The Psychology behind the Te’o Scandal

In an article reported on the International Business Times website, the psychology behind the strange story of the Manti Te’o girlfriend saga is explored. In case you missed it, on Wednesday, it was revealed that the Notre Dame linebacker’s late girlfriend, Lennay Kekua, apparently never existed but was rather part of an elaborate internet hoax. While the news is abuzz with speculation as to whether Te’o was part of the hoax or is truly an innocent victim, one thing is for sure: popular media failed to catch onto the hoax for months.

In her piece, Roxanne Palmer explores two theories in psychology as to how a hoax like this may be advanced: idealization and confirmation bias. Frequently, people in online relationships are in danger of being conned because of their high romantic beliefs. These beliefs can lead them to idealize their idea of a romantic partner and ignore the warning signs that trouble could be brewing. Online romance scams are nothing new. In 2011, the Internet Crime Complaint Center (ICCC) estimated that victims of online dating scams lost an average of $8,900.00 each to frauds posing as romantic interests. Was Te’o merely a victim of a cold cyber scam or is there more to the story?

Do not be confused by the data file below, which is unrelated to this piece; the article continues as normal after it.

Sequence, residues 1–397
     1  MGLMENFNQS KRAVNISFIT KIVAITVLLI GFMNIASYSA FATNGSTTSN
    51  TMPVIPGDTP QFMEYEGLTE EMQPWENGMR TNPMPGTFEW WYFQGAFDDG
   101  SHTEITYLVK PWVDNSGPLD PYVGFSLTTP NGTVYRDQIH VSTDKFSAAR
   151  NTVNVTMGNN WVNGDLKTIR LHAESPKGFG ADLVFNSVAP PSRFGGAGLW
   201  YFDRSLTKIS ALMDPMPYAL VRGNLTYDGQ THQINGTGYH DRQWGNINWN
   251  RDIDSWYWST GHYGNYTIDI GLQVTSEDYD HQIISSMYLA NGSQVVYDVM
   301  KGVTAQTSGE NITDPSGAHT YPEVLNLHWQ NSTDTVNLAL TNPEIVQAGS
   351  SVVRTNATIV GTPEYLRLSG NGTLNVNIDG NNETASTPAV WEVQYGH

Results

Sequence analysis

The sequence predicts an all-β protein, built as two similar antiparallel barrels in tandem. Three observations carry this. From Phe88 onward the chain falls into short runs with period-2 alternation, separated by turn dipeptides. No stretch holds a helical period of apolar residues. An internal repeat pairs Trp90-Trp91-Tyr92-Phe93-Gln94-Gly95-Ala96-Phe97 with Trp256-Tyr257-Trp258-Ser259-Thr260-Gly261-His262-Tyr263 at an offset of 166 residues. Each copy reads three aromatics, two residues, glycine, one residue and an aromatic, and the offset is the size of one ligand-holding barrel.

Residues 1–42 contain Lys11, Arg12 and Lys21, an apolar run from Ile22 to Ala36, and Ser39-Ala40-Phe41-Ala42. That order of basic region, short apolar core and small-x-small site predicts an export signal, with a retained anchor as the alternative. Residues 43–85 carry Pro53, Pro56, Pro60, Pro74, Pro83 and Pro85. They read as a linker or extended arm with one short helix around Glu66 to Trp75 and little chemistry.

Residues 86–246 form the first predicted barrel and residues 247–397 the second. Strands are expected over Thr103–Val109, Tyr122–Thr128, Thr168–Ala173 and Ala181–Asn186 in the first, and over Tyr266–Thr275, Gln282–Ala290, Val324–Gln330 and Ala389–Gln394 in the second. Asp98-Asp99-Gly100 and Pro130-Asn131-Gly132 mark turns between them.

In addition to examining Te’o’s involvement, many are questioning how the media did not pick up on the irregularities in the Te’o story for months. The answer, according to Palmer, may lie in a theory known as confirmation bias. The theory explains how people believe and see what they want to see when they have a particular attitude towards something. In fact, people may ignore evidence that could tend to change their mind if they experience confirmation bias. With Manti Te’o being one of 2012’s collegiate sweethearts, is it possible the major news outlets simply did think to perform even the most basic of fact checks? Certainly, his rise to greatness in leading Notre Dame the BCS Championship game set the backdrop for the media’s seeming love affair with him. While this story of fact-checking gone wrong will not likely gain the significance of the Benghazi attacks anytime soon, it will surely be one for the history books no matter how it plays out over the coming weeks.